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Turnover-prone Buckeyes’ hold on No. 1 in danger after slipping past NIU

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Ohio State entered the season as a unanimous pick as the Associated Press‘ top-ranked team.  After an uneven Week 2 win over Hawaii, OSU saw that support erode a bit.  After Week 3?  They might have to worry about staying in the top two or three, pending the outcome of Ole Miss-Alabama and SMU-TCU.

In a performance eerily reminiscent of the pre-Urban Meyer Luke Fickell days, OSU, at least on one side of the ball, looked sluggish and discombobulated and generally uninspired as it held on to beat Northern Illinois in Columbus by the score of 20-13.  The win over a team that was a 35-point underdog was the Buckeyes’ nation’s best 16th straight, with the last loss coming in Week 2 of the 2014 season against Virginia Tech.

NIU, a better team than most had given them credit for when criticizing OSU’s schedule, was in the game until the very end, forcing OSU to punt — after some very questionable clock management and the inability to convert on a third-and-two — with under 1:30 remaining and taking over at their own 20-yard line.  Four plays failed to gain a yard, however, as the Buckeyes’ held on and escaped with the win.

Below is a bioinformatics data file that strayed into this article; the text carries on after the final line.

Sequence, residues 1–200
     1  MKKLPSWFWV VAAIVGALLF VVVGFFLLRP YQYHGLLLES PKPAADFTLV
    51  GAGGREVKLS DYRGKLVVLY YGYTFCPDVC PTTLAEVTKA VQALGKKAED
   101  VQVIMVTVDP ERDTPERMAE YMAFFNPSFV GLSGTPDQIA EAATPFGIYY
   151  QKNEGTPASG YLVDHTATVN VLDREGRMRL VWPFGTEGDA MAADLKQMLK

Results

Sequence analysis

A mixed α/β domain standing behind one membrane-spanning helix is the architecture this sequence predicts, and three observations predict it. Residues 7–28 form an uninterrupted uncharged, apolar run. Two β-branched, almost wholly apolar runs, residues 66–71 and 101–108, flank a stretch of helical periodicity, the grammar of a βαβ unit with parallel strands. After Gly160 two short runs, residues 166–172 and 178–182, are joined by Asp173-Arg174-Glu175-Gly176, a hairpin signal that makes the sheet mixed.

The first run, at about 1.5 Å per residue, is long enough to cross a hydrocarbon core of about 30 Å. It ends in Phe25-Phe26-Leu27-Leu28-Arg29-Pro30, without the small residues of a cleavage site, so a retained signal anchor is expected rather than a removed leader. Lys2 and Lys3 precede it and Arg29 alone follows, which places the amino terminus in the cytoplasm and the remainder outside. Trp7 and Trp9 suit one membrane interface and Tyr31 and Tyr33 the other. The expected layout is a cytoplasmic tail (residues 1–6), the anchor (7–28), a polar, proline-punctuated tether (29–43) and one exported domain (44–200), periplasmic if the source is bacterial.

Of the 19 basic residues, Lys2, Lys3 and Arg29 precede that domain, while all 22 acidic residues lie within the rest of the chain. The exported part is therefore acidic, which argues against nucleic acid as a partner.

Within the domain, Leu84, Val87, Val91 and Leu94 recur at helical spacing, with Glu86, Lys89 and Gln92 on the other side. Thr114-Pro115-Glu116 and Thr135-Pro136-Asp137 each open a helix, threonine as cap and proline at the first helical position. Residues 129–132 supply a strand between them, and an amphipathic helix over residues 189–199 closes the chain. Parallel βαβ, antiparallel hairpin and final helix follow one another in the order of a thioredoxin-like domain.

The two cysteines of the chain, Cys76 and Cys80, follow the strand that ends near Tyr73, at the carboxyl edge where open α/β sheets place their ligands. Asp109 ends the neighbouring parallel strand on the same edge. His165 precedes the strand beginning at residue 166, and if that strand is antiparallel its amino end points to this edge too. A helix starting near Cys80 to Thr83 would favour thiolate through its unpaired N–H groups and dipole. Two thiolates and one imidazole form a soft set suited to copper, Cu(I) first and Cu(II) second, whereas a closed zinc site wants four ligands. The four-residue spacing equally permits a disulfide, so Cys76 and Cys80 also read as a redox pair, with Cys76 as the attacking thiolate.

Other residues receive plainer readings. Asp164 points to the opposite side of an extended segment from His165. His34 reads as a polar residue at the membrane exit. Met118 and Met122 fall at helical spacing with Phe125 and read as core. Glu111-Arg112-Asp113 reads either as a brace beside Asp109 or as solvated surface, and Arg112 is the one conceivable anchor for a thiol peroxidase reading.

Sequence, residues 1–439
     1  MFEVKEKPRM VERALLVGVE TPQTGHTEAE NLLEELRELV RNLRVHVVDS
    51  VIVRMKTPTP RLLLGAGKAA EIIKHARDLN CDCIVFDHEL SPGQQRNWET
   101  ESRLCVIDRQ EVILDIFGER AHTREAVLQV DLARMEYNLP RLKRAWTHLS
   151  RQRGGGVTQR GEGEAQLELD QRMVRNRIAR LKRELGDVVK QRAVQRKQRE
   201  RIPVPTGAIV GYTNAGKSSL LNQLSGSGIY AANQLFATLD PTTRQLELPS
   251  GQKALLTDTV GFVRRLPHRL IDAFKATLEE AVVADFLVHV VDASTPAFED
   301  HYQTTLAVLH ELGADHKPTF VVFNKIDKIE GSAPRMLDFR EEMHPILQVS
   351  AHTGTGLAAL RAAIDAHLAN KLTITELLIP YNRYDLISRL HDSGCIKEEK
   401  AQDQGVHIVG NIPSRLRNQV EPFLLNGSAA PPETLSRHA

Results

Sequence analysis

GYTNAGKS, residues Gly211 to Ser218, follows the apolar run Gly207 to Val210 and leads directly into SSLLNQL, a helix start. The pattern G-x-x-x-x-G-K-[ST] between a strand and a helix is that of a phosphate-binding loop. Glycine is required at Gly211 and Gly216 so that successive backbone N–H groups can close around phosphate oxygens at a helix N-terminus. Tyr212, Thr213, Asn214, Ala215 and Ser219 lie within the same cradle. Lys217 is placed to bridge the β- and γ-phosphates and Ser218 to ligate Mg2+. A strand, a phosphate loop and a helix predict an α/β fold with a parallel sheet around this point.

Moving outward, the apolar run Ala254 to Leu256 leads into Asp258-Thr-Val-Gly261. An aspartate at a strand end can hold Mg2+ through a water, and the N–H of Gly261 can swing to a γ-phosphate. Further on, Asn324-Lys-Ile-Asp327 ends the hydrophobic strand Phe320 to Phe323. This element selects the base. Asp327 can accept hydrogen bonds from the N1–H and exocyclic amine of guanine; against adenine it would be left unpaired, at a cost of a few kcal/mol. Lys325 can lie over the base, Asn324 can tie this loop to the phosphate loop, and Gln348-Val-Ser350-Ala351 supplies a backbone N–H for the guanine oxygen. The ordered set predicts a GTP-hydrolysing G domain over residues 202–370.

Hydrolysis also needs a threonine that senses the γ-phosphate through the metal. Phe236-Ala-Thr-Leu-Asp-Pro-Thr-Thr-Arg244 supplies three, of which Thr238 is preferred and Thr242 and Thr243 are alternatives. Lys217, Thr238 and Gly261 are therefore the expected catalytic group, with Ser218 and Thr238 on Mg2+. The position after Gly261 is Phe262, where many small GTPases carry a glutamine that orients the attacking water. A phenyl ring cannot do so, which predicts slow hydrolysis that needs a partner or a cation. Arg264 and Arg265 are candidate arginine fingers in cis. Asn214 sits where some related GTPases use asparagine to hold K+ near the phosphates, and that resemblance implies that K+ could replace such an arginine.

Defensively, OSU looked very much like the No. 1 team in the country.  Going up against an offense that came into the game ranked eighth in total offense nationally (594 yards per game), the Buckeyes allowed just 190 yards to the Huskies.  One of their two touchdowns was scored by the defense, a 41-yard interception return by Darron Lee that turned out to be the game-winning score.

Offensively, though, they didn’t look as if they could beat a Div. III team this afternoon.  Hell, a good high school defense may have given them issues, for that matter.

Whether it was turnovers (five, three interceptions and two lost fumbles) or penalties (seven) or just a game-long funk that hovered over the entire unit, the Buckeyes couldn’t get much of anything going on that side of the ball.  An ineffective Cardale Jones was replaced in the first half by J.T. Barrett, who was equally ineffective.  The two combined to complete 15-of-28 passes for a mere 133 yards, one touchdown and three interceptions.

As ineffective as the passing game was, the ground attack wasn’t much better.  Entering the game, the Buckeyes’ averaged 6.4 yards per carry; against the Huskies, they managed just 4.8 yards a tote.

The good news for the Buckeyes is that, thanks to a very favorable schedule, they have a handful of games to turn things around offensively before their first real test.  OSU will likely be favored by double digits in its next seven games — home dates with Western Michigan, Maryland, Penn State and Minnesota, road trips to Indiana, Rutgers and Illinois — before playing host to fourth-ranked Michigan State Nov. 21.

As for whether Ohio State will, or even should, remain No. 1?  I can’t speak for the real voters, but I know my Fifth Quarter Top Five will have a decidedly different look up top very early Sunday morning.

Wisconsin launches early Heisman campaign for RB Jonathan Taylor